[UK]Bailey (trans.) Erasmus’ Colloquies 285: Why all that Dress was nothing but a Cheat I had daub’d on with Paints [...] Birdlime, and Clouts dip’d in Blood.
[UK]Chickens Feed Capons 16: Yet for all this be but a Man of Clouts, a meer Sir-courtly-Nice.
[UK]Machine 12: I’d [...] even stitch Black Bess at Mother King’s, Nay, Moll herself, with all her Clouts and Rings.
Grannie M’Nab’s Lecture on Witless Mothers and their Dandy Daughters 4: These are they the fickle farmer fixes his fancy upon, a bundle of clouts, a skeleton of bones.
[UK] ‘Patent S--t-Pot’ in Cockchafer 34: She pull’d up her clouts where young Thomas was laid.
[UK] ‘A New Song on the Birth of a Prince of Wales’ in C. Hindley Curiosities of Street Lit. (1871) 65: Then dress him out so stylish with his little clouts and cap.
[UK]M. Reid Scalp-Hunters II 164: He lay, back uppermost. He was naked to the breech-clout.
[UK]Leaves from Diary of Celebrated Burglar 70/2: Before her clouts had reached the ground they were on my arm, and a couple of ‘reefs’ brought the ‘poke’ within my grasp.
[UK]R. Llewellyn None But the Lonely Heart 44: He see right up her clouts for a split second.
[UK]F. Norman Guntz 194: He still had his hand up her clout.
[UK]T. Wilkinson Down and Out 39: Jackets, trousers, shirts and ties. The floor was deep in clouts which had been tried on and abandoned.
[US]C.M. Dean-Burrows I See Da Sea Rise 106: clort – cloth.

3. a sanitary towel or a nappy.

[UK]Mercurius Fumigosus 30 20–27 Dec. 239: Mrs. Easy a Taylors Wife in Petticoat Lane, thickened her Plumb-porridge with her Tayle, and gleerd over her Christmas Pie with her Childs Shitten-clout.
[UK]Gossips Braule 6: Did not I bring you clouts ye Whore, lend ye money to pay for the washing of your lowsy Smock, and bring you a Posset with a pox to ye, and Bread for your Whores hide.
Select Queries 2 16: Whether Mrs. S- does not stop the Orifice of her C- with a Clout, to keep the old man her Husbands Rag out.
[UK] ‘A New-Years-Gift for the Rump’ Rump Poems and Songs (1662) II 4: You may have heard of the Politick Snout [...] But scarce of a Parliament in a shitten Clout.
[UK]T. Duffet Empress of Morocco Act III: Thus Orange looks new rub’d with piss-clout, Or scullions face besmear’d with Dish-clout.
[UK]Rochester ‘On Mrs Willis’ in Works (1999) 37: I’ll write upon a double Clout, / And dip my Pen in Flowers.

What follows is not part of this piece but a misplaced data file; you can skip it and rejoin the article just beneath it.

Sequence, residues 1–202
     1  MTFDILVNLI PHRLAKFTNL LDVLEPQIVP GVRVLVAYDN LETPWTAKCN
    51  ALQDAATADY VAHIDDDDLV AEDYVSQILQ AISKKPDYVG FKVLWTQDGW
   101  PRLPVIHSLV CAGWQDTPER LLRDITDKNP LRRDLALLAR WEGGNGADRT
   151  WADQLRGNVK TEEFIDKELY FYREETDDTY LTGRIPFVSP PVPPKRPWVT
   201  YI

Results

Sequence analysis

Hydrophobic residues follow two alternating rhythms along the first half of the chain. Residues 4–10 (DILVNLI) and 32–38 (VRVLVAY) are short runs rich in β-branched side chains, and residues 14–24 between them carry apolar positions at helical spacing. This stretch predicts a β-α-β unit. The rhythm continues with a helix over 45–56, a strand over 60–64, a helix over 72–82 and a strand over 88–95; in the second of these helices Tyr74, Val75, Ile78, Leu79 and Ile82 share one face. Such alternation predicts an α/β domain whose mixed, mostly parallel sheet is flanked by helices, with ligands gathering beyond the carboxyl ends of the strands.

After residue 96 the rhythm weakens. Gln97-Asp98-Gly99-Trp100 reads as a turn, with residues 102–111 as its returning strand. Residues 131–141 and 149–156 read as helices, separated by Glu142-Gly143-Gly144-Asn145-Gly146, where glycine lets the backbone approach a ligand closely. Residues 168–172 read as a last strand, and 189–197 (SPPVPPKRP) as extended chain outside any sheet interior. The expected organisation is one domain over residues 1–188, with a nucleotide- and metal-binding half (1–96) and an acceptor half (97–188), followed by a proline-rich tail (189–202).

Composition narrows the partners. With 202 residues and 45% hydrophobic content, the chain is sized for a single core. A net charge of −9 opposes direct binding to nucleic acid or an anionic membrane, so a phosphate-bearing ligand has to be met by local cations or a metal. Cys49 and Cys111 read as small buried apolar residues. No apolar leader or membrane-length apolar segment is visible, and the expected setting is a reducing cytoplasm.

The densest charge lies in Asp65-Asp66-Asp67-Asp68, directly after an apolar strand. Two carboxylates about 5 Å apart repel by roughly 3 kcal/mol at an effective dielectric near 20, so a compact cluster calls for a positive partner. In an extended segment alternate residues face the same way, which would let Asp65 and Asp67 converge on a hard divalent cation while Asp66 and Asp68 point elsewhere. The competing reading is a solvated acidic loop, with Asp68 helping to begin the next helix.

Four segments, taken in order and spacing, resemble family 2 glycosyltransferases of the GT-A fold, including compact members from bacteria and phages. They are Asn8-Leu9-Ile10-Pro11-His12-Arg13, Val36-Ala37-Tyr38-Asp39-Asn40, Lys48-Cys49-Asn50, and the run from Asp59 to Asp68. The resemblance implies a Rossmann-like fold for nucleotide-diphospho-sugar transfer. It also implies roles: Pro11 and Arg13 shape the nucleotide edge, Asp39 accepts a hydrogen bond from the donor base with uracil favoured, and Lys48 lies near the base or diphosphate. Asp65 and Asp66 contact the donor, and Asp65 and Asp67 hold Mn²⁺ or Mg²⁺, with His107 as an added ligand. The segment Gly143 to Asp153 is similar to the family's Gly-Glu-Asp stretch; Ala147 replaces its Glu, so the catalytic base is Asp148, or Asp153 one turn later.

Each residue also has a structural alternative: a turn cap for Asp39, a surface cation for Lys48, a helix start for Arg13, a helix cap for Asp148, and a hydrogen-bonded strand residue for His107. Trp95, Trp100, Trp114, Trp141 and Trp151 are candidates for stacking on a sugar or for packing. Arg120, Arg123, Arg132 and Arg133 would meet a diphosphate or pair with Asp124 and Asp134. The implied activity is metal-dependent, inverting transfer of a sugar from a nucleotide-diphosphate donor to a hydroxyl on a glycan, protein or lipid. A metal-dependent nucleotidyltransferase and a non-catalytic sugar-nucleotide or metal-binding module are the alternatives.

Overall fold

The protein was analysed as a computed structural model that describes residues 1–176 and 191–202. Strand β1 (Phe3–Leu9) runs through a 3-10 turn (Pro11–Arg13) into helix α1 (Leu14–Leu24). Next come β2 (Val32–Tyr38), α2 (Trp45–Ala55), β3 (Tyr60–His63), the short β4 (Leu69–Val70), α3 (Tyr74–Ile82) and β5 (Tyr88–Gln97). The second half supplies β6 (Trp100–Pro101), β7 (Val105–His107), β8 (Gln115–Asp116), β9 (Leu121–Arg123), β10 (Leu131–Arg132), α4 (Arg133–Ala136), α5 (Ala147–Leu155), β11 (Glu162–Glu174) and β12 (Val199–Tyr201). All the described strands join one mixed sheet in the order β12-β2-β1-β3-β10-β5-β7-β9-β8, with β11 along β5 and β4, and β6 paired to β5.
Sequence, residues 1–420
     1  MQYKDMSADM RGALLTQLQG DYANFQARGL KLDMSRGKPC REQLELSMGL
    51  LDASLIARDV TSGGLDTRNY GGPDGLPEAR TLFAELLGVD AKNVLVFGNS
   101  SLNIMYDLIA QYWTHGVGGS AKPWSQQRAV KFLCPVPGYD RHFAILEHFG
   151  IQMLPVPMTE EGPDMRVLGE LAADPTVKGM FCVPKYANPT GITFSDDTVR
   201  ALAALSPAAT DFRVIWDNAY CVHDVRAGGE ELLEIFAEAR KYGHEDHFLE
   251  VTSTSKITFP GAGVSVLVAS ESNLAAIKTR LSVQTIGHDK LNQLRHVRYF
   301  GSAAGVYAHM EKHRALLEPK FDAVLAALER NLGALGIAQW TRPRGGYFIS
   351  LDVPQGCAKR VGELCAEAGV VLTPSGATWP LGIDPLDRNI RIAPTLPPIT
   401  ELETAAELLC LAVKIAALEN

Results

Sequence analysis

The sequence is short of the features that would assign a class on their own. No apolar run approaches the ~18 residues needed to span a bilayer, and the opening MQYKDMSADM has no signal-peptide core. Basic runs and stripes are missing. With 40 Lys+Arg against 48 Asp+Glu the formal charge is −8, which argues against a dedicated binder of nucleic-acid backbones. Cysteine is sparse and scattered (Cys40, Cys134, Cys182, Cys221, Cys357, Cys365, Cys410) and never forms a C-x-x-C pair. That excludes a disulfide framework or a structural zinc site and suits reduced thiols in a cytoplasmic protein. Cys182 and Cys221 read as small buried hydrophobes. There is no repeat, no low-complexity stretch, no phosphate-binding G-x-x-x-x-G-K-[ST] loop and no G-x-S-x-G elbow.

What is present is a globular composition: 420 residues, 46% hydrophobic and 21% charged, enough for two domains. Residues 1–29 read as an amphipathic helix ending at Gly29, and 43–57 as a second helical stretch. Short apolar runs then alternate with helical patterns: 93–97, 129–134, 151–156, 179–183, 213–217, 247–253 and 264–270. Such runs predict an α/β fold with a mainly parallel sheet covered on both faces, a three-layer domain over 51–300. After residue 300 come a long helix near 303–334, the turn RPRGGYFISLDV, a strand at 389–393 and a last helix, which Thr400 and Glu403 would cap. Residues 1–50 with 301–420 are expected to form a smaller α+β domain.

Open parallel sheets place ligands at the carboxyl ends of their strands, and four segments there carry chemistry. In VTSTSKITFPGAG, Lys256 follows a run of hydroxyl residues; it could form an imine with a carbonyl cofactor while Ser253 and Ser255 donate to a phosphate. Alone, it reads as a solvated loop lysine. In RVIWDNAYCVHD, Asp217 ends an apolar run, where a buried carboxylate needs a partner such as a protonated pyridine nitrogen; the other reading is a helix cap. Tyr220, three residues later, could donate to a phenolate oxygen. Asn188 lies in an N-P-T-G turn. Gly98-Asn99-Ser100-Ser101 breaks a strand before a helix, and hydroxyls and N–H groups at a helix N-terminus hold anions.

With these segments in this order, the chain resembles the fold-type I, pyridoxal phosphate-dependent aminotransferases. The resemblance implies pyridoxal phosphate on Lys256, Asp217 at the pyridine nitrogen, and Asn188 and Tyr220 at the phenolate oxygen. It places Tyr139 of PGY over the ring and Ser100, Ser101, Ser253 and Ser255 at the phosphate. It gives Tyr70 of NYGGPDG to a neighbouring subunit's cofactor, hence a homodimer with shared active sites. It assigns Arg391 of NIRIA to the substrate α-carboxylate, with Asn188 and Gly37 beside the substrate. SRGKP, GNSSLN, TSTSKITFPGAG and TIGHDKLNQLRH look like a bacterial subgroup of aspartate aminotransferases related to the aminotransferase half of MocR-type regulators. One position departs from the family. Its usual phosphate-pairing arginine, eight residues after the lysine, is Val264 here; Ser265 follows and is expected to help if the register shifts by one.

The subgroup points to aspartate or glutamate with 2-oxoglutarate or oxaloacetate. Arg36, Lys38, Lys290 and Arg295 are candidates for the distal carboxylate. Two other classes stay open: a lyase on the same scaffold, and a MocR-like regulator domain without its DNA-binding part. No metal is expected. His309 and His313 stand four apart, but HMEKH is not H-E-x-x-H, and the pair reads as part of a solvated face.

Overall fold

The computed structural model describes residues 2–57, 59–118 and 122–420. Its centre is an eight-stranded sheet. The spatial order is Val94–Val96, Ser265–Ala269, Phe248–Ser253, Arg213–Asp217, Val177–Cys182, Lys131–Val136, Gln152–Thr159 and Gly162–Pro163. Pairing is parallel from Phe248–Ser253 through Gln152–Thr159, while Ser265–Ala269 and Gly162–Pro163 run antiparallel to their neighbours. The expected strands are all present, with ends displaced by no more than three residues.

[UK] C. Sackville in Lord Poems on Affairs of State (1963) IV 200: That blubber’d oaf, for two, dull, dribbling bouts, Maintains two bastards made of Jenny’s clouts.
[UK] ‘Night Ramble’ Harleian Mss. 7312.84: [She] chanc’d to spy a bloody Clout. G- w-s what’s this the whore roar’d out. Nothing said I but ragg of woman Whose Tayle to me of Late was Common In short ’twas nothing but her flowers.
[UK] ‘Lord Rochester against his Whore-Pipe’ Cabinet of Love in Rochester & Others (1720) 221: Have you forgot the double Clout, That lat’ly swath’d your dripping Snout?
[UK] in D’Urfey Pills to Purge Melancholy I 143: As tight a Lass as ever Did use a Double Clout.
[UK]Art of Meditating over an House of Office 11: Nurses shall read Lectures upon Shitten Clouts.
[UK]Proceedings Old Bailey 13 Apr. 151/2: I will see whether it be a Boy or a Girl; I took out a Pin and undid the Clout and found it to be a Girl.
[UK] ‘Rantin’ Dog The Daddie O’t’ in Farmer Merry Songs and Ballads (1897) IV 274: O wha my baby clouts will buy?
[UK]B.H. Malkin (trans.) Adventures of Gil Blas (1822) I 37: With only a change of clouts, the son of don Rodrigo de Herrera was packed off in my name to another nurse, and my mother suckled her own and her master’s child.
[US]Randolph & Wilson Down in the Holler 235: clout: n. Diaper.

4. the vagina; thus generic for women.

[UK]Roger’s Profanisaurus 3 in Viz 98 Oct. 8: clout 1. n. Clunge (qv). 2. n. prop. South African lesbian rock band.
[US]Esquire 1 Sept. [Internet] Shortly going [...] hit AB1 for the boozual. Usually teaming with office clout. £50 and line of Meow on the table for the first one with smelly fingers.

In compounds

clout file (n.)

(UK und.) a stealer of handkerchiefs.

Life and Glorious Actions of [...] Jonathan Wilde 51: Clout Files or Pocket pickers of handkerchiefs only).

In phrases

top a clout (v.)

(UK Und.) to position a handkerchief in a victim’s pocket in readiness for removing it at an apposite moment.

[UK]Vaux Vocab. of the Flash Lang. in McLachlan (1964) 275: top to top a clout or other article (among pick-pockets) is to draw the corner of end of it to the top of a person’s pocket, in readiness for shaking or drawing, that is, taking out, when a favourable moment occurs, which latter operation is frequently done by a second person.